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Convert Stock - Sporting to Trap

Discussion in 'Shooting Related Threads' started by Ray Courney, Feb 20, 2011.

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  1. Ray Courney

    Ray Courney TS Member

    Jun 19, 2010
    I have a Browning Cynergy Classic Sporting model and would like to change to stock to a Trap style. Is this possible - will it be the sane as a trap gun after the change -- what do I need to be aware of. (Trying to save the expense of a new gun) Thanks --- Ray Courney
  2. southjblue

    southjblue Active Member

    Jan 29, 1998
    Just buy a trap stock or put a comb on yours---Also depends on chokes---SJB---
  3. Anchorsteam

    Anchorsteam TS Member

    Feb 23, 2010
    or just have an adjustable comb and adjustable pad installed. But that will be about as pricey as sourcing a new stock...
  4. Smok'n Joe

    Smok'n Joe Active Member

    Oct 25, 2009

    It's not that simple and there's more to it than just the stock. Take a look
    at your RIB and compare it to the rib on a legitimate TRAP gun. Since you own a Browning, let's use a BT-99 for comparison...

    The rib on a Sporting, Skeet or Hunting gun is generally flat or parallel with the barrel. On a TRAP gun, the rib is higher near the receiver and it slopes down at the muzzle. The TRAP rib is designed to provide a higher Point of Impact. I'm sure you have seen or heard about 60/40, 70/30, 80/20 or even 100% Trap guns. What that refers to is the percent of the pattern that is OVER or HIGHER than where the gun was "pointed". There is a distinct advantage to using a true TRAP gun vs. a Sporting, Skeet or Field gun. The height of the comb and/or the design of the stock is just one part of the equation...

    For what it is going to cost you to convert your gun to a trap gun, I suggest you purchase a good used BT-99 for now. Good, solid, reliable BT-99 models can be had for $750 to $1,000 and you will be able to sell the BT-99 for about the same as what you paid for it in a couple years.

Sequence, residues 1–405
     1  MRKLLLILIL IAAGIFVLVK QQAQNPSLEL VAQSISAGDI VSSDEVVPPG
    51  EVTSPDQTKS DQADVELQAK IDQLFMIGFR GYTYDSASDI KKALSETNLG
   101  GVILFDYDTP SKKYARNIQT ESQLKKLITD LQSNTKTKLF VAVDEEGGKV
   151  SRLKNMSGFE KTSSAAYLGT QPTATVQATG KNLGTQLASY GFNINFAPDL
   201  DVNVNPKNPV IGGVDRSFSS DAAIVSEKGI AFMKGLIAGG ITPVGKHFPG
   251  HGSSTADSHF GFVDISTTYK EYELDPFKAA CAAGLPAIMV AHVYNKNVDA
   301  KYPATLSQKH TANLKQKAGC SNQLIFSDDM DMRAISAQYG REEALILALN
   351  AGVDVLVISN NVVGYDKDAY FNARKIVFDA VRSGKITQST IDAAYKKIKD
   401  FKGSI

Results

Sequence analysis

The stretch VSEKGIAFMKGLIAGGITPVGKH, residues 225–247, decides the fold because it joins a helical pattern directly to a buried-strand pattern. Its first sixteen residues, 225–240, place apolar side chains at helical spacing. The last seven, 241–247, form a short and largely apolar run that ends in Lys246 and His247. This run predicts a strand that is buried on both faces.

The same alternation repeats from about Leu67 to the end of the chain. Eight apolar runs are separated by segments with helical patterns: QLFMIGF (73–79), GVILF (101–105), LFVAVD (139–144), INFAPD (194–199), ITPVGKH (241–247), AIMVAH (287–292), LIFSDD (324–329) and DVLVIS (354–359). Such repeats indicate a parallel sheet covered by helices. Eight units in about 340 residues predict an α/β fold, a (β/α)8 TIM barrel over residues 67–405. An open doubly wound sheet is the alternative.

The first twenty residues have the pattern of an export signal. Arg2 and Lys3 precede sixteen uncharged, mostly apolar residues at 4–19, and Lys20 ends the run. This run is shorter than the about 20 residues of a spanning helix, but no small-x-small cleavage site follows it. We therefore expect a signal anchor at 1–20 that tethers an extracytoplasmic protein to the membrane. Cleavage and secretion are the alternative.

5. darincraft

    darincraft Member

    Dec 6, 2010
    Joe, although I do agree with your statement I do have a question that has been nagging on me.

    Most of the time when a gun has a raised rib the front bead is at the same height as a field barrel. Take an 1100 field barrel as opposed to a step rib. That fron bead is at the same height in relation to the bore. So where your eye lines up on the front bead is determined by your stock, not the height of the rib at teh receiver. So it stands to reason if you move your head up or the stock down, you will change the POI and that rib doesn't make a difference. Now POI is determined by your eye in relative position to the front bead. Granted if you use a mid bead then the rib height will affect where/how you view the front bead, but all things considered you don't even need the rib.

  6. esoxhunter

    esoxhunter Well-Known Member

    Mar 15, 2006
    Darin: I agree that the rib has little to do with the POI. I don't know how serious Ray will be in regard to trapshooting; but for the average guy, I would feel that the adjustable comb would allow him to shoot all the clay target disciplines. If you want to be a serious trap shooter and shoot a bunch of ATA targets; then you might want to consider a dedicated trap gun. I know several fellow shooters that use their sporting clays gun for trap. Believe me, they have respectable averages in both sporting clays and trap. Ed
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